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Calling Rust from Python/PyPy using CFFI (C Foreign Function Interface)

This is a small demo of how to create a library in Rust and call it from Python (both CPython and PyPy) using the CFFI instead of ctypes.

Based on (dead) which used ctypes

CFFI is nice because:

  • Reads C declarations (parses headers)
  • Works in both CPython and PyPy (included with PyPy)
  • Lower call overhead than ctypes

Install Rust

from either of:

I recommend installing Rust via multirust so that you can compile projects that use unstable features (core) as well as testing for Rust 1.0,1.1, etc backwards compatibility.

The per-directory override mechanism is especially nice.

Build library


This will create a libtreble.dylib

Run the Python client

<cffi.api.FFILibrary_./libtreble.dylib object at 0x1089d5490>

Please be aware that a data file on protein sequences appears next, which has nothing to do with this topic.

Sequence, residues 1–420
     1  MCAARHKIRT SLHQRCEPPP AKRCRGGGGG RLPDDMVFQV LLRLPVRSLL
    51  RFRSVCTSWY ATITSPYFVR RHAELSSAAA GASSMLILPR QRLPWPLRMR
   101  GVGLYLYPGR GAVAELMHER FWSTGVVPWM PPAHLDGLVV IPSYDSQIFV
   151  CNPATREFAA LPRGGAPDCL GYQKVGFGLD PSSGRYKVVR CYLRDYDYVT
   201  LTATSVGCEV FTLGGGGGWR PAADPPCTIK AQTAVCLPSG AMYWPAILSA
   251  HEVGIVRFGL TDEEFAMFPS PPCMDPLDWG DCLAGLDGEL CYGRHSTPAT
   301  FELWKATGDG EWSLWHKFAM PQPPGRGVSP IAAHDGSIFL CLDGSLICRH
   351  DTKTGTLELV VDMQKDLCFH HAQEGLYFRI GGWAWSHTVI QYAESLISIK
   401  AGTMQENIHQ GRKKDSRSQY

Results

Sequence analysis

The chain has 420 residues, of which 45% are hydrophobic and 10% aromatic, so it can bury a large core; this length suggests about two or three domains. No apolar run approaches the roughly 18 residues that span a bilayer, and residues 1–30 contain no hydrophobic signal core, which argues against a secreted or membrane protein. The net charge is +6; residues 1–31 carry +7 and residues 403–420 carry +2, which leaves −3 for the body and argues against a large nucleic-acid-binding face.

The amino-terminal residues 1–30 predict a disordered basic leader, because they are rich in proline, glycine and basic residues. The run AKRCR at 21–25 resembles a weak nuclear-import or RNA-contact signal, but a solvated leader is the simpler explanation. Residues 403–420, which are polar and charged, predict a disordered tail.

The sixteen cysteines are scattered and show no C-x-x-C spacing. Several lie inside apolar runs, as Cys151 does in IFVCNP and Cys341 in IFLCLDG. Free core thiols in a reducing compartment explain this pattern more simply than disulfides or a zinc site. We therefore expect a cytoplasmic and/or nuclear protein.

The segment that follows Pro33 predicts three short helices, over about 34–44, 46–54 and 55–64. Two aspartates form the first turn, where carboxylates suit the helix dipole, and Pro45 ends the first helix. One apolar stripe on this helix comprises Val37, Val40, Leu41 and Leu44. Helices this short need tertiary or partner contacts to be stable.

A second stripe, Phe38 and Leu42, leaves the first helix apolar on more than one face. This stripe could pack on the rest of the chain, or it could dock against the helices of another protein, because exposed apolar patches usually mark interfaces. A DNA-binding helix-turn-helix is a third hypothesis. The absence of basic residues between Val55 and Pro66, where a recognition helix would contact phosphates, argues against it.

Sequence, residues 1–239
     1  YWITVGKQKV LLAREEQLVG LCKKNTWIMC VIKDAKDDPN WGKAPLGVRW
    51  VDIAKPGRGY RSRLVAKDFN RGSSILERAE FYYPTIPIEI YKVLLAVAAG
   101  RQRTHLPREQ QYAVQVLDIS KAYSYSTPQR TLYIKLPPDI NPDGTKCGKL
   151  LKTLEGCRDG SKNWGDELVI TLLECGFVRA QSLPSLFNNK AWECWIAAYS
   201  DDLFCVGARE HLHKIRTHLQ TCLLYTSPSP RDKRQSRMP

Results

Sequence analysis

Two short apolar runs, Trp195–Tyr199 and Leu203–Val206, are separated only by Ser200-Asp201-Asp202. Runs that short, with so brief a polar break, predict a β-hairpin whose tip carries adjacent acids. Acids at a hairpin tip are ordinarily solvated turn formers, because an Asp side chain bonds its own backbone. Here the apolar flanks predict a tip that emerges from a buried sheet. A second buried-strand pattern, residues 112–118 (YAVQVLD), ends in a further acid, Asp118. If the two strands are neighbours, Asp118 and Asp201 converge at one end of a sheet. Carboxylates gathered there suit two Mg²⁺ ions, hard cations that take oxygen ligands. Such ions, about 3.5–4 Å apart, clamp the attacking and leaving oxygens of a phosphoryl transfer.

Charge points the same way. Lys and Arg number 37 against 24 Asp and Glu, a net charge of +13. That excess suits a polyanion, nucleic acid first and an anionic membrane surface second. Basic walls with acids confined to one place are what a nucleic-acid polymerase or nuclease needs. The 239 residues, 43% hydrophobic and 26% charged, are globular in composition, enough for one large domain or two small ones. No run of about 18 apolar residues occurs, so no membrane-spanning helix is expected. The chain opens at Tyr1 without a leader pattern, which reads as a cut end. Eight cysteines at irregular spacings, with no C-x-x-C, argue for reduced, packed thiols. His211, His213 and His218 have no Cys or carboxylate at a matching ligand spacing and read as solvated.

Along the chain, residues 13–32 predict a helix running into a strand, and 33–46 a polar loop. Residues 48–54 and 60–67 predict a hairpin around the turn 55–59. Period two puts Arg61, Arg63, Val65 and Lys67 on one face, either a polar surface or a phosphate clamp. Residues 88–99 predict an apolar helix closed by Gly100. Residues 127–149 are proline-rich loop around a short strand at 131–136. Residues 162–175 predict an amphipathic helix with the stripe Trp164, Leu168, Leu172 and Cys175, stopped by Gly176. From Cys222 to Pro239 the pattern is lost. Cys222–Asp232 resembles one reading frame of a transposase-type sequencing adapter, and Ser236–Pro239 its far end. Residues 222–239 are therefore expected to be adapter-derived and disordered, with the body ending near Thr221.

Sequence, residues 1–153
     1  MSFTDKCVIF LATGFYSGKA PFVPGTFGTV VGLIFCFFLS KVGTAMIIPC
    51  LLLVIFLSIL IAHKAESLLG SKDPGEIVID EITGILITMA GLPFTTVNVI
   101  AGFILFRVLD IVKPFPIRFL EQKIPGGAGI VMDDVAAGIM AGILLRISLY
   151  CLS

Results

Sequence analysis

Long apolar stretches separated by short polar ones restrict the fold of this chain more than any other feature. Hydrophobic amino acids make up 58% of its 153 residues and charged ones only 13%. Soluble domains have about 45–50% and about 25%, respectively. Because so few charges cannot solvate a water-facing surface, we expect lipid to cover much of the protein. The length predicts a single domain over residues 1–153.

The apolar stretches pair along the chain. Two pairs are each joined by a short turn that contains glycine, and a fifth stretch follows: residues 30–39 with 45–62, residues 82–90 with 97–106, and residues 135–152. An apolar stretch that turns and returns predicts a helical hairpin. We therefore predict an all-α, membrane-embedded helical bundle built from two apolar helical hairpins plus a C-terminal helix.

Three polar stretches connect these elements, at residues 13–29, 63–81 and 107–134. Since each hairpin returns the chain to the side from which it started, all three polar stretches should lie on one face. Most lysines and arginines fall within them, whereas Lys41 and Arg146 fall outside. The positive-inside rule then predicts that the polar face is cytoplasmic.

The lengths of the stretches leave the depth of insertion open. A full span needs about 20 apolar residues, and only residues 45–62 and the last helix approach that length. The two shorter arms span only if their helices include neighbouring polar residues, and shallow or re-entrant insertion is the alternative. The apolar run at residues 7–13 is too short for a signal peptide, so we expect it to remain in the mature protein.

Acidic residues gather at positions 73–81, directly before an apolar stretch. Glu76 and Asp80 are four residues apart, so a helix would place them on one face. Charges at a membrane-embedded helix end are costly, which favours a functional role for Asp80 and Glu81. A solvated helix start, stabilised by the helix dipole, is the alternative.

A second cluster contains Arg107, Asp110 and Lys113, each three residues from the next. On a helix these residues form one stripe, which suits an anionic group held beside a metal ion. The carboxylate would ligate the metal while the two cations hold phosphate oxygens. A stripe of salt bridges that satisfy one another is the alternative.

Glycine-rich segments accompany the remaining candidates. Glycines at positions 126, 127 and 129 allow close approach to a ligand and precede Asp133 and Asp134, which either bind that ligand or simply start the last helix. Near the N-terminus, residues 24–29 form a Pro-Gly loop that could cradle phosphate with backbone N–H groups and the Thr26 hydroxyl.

math from rust! 30
from cffi import FFI
except ImportError:
print "pip install cffi, included with PyPy"
ffi = FFI()
lib = ffi.dlopen("./libtreble.dylib")
print lib
# <cffi.api.FFILibrary_./libtreble.dylib object at 0x107f440d0>
ffi.cdef('int treble(int);')
print "math from rust!", lib.treble(10)
#![crate_type = "dylib"]
// compile: rustc
pub extern fn treble(value: i32) -> i32 {
value * 3
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I like that this is basically "rustc and go" so I can try pulling out a single, bottle-necked function. If I had to combine large Python and large Rust projects, then PyO3 is 100% the way I would go. For porting one function, instead of putting it up as a FaaS/Lambda/micro-service, I really like this use of CFFI.

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seanjensengrey commented Jan 28, 2022

I think now I would compile the Levenshtein code to Wasm and load it into Python via Wasmtime. @KevinWhalen totally with you on safe inprocess servers. Composes like a web service, fast like a function call.

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